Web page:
<< Home

Course Description

Probability, randomness, and statistics play a key role in modern computer science. From the highly theoretical notion of probabilistic theorem proving to the very practical applications of cryptography and web search ranking, sophisticated probabilistic techniques have been developed in the last two decades for a broad range of challenging computing applications.

This course introduces the basic probabilistic techniques used in the design of randomized algorithms and in probabilistic analysis of algorithms. The course covers the basic probability theory required for working with these techniques and demonstrates their use in various computing applications.

Course Information

Instructor: Eli Upfal (eli <AT> cs . brown . edu). Hours: Thursday 4pm - 5pm (CIT 319)

Lecture Place and Hours: Tuesday and Thursday 2:30pm - 3:50pm (CIT 368)

Grad TA: Cyrus Cousins (ccousins <AT> cs . brown . edu). Hours: Tuesday 1pm - 3pm (CIT 321)

Head TA: Michael Nisenzon (mnisenzo <AT> cs . brown . edu). Hours: Wednesday 4pm - 6pm (CIT 269)

TA: George Wangensteen (gwangens <AT> cs . brown . edu). Hours: Monday 6pm - 8pm (CIT 269)

Email the course staff: cs1550tas <AT> lists . brown . edu


Collaboration policy

Problem sets (except the midterm and final) are collaborative. You may discuss the problems with other students to get a general idea of how to solve them. However, you may not take away written notes about the problems from such discussions, and the answers you turn in must be your own, not written in a group.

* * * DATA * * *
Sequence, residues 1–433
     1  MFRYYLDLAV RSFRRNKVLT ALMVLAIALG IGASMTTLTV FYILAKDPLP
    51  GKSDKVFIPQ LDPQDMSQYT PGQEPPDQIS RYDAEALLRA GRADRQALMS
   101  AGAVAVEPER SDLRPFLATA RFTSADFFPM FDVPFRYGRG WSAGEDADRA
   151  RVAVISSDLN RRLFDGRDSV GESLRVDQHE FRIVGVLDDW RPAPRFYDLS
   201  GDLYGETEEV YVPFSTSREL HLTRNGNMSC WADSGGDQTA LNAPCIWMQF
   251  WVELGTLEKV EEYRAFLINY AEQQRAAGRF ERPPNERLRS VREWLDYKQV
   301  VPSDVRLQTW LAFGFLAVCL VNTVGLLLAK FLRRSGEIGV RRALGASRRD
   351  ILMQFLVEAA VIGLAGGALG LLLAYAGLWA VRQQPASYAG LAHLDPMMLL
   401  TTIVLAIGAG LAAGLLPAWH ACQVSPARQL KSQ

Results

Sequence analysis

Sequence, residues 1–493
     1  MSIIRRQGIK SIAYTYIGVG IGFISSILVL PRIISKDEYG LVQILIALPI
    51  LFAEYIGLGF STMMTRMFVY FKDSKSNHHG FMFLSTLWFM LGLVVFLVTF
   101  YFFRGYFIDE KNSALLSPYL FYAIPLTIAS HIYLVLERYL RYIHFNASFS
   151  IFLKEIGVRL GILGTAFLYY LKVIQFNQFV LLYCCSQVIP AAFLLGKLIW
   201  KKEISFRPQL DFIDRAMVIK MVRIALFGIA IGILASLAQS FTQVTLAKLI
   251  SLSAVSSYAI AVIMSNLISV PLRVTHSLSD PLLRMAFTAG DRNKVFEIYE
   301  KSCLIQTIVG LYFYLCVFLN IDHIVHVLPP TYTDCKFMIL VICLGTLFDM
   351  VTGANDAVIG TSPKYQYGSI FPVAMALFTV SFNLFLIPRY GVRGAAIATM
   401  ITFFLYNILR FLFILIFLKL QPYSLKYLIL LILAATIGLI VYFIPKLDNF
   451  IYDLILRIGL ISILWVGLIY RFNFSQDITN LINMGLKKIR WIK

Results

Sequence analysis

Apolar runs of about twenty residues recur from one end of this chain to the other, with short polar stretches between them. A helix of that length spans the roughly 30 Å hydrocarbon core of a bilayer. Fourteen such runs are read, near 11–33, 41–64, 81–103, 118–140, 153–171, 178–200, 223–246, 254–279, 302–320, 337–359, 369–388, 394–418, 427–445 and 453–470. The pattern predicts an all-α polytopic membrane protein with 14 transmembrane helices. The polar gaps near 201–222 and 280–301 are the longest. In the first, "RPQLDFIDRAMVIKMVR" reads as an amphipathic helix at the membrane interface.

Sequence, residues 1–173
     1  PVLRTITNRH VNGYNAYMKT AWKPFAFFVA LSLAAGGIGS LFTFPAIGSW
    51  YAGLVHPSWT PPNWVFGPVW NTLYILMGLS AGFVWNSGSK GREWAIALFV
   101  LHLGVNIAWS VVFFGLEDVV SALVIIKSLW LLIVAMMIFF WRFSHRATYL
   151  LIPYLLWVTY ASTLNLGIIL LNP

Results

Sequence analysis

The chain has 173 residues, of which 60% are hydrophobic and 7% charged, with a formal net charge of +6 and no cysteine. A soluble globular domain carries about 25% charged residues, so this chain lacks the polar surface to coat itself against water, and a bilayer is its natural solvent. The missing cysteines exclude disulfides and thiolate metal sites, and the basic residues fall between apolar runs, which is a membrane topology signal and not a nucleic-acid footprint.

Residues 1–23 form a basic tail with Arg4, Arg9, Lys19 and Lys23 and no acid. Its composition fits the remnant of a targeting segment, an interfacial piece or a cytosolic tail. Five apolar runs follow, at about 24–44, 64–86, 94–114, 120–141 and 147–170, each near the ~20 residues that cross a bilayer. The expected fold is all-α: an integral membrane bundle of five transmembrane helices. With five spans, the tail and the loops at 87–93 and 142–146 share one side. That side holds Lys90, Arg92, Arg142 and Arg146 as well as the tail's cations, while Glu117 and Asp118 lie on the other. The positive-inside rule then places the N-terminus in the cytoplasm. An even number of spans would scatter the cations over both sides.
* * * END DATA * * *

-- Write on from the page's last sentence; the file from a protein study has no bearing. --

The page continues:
Time Requirements

Total time spent in and out of class for this course is estimated at ~180 hours. Students will spend 3 hours in class each week (a total of 39 hours). Although specific out-of-class time investments may vary for individual students, a reasonable estimate to support this course's learning outcomes is 140-150 total out-of class hours, or on average, 10 hours weekly over a 13-week term, in reviewing class material and answering the weekly problem sets, and 10-20 hours working on the take-home final.


If you feel you have physical, psychological, or learning disabilities that could affect your performance in the course, we urge you to contact SEAS. We will do whatever we can to support accommodations recommended by SEAS.


The textbook for the course is Probability and Computing Randomization and Probabilistic Techniques in Algorithms and Data Analysis, 2nd Edition by Michael Mitzenmacher and Eli Upfal.

Errata for the 1st Printing, Errata for the 2nd Printing

Book Cover

Valid XHTML 1.1

Last Updated: Jan 2019